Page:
The 2021 Aurora events in Venice will mark the first time the Aurora Prize Ceremony takes place in Europe and will highlight the extensive connection between this universally important cultural site and the spirit of Aurora, with its deeply embedded respect for the human life shared by every Armenian and every member of Aurora global movement alike. It will also be the first offline Aurora Prize Ceremony since the breakout of the global COVID-19 pandemic.
On October 19, 2020, the Aurora Humanitarian Initiative marked its 5th anniversary at a virtual fundraising event in New York City, dedicated to Aurora’s core philosophy of Gratitude in Action. Broadcast live from The New York Public Library, the event featured Aurora Co-Founder and member of the Aurora Prize Selection Committee Vartan Gregorian, who sadly passed away in April 2021.
“The 2021 Aurora Prize main events in Venice are intended to give a chance for our guests to come together for the first time since we were forced to bring all our events online. The last year and a half has been hard on everyone, and we’ve suffered many a painful loss. That is why we are very excited about the opportunity to express gratitude to our wonderful community, to bring global humanitarians to Venice and to introduce them to the Armenian legacy of this location and to its rich and fascinating history,” said Noubar Afeyan, Co-Founder of the Aurora Humanitarian Initiative.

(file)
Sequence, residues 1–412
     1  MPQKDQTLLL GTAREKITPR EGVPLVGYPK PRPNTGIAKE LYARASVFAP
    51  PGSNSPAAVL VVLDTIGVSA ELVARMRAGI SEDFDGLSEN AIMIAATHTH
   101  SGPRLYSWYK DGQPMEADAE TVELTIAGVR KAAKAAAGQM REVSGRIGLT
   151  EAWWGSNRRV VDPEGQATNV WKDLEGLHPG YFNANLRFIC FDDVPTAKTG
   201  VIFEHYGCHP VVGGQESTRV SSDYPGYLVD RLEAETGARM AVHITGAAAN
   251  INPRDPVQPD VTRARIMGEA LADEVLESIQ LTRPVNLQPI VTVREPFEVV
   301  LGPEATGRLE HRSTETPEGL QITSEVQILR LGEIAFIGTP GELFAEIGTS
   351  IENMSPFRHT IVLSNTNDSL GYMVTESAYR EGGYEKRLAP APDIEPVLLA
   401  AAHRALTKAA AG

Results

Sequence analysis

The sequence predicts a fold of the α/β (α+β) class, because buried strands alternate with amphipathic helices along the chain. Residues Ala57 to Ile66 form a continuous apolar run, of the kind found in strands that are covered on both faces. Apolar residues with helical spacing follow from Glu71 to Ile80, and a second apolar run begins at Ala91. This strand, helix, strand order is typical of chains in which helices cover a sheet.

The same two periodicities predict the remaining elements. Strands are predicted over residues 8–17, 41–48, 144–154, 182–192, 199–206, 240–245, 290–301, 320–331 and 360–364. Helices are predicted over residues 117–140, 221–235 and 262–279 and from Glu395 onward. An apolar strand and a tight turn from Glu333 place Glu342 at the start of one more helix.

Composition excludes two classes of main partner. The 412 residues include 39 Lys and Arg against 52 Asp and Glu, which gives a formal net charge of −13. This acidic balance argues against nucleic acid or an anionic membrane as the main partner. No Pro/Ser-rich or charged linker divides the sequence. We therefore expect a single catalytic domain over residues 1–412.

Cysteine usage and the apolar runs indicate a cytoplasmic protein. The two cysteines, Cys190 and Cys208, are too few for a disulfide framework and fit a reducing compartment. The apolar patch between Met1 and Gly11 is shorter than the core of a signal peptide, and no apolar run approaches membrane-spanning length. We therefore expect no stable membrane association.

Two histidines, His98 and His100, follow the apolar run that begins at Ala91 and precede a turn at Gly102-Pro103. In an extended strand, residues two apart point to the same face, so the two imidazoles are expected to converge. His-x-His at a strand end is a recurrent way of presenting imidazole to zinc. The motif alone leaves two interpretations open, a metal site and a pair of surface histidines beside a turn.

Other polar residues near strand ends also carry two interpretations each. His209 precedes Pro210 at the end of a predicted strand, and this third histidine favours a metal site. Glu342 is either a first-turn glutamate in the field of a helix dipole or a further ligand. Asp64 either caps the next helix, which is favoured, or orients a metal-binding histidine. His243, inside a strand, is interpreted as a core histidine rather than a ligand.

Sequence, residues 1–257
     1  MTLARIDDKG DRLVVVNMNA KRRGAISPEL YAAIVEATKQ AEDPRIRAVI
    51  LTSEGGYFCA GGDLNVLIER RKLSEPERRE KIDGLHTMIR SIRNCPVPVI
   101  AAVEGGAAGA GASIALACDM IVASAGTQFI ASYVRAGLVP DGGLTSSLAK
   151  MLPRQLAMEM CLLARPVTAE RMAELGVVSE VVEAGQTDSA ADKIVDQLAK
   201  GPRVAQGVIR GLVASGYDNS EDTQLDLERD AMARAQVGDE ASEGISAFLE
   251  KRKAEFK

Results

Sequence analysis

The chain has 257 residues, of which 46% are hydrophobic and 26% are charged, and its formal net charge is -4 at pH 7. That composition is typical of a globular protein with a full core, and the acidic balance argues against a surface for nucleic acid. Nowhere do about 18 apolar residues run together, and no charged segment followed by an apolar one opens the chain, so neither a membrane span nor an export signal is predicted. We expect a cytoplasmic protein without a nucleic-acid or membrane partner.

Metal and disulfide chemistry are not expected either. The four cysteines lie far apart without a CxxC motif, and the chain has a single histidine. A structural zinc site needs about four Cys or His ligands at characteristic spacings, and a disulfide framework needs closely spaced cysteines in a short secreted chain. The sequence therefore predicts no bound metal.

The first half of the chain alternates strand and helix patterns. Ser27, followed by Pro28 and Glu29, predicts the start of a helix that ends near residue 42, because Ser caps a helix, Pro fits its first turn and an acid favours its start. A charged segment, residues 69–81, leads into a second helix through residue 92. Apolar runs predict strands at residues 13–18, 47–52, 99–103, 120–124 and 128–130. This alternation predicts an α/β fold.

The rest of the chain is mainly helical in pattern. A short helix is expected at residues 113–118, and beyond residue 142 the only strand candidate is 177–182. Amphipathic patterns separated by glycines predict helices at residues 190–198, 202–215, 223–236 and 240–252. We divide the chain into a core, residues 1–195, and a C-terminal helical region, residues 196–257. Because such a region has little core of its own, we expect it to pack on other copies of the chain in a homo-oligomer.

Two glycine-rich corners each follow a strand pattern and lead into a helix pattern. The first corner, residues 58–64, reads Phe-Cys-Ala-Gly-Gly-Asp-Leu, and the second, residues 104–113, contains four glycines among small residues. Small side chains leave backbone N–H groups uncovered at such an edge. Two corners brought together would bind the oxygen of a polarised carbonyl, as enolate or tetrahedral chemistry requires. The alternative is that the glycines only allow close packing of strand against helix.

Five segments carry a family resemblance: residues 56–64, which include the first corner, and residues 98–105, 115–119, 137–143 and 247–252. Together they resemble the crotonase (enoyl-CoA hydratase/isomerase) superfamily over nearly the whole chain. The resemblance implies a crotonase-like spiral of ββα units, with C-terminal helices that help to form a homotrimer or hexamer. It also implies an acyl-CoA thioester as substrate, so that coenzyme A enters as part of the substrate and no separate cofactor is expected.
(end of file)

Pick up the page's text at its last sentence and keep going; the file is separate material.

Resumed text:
The first Armenian communities were established in the region centuries ago, and the history of their successful development and integration echoes the complex and compound identity defining the modern Armenian people and their global impact. No matter where they were born, from Yerevan to Los Angeles, from Beirut to Moscow, all Armenians possess an acute understanding of the importance of kindness, humanity, and gratitude, strongly reflected in Aurora’s vision.
“The Aurora Humanitarian Initiative is transforming the Armenian experience into a global movement based on the philosophy of Gratitude in Action, and we are very happy to have the 2021 Aurora Prize Ceremony in Venice, one of the most important Armenian heritage sites, and to highlight our presence in Europe after the success of last year’s US event. Aurora continues to successfully enhance the humanitarian angle, and we can’t wait to share this special moment of celebrating modern-day heroes and the work they do with members of Aurora’s community,” said Ruben Vardanyan, Co-Founder of the Aurora Humanitarian Initiative.
In the meantime, nominations are still open for the 2022 Aurora Prize for Awakening Humanity. Until October 31, 2021, any person can submit a nomination for candidates they believe have overcome great personal challenges to help others.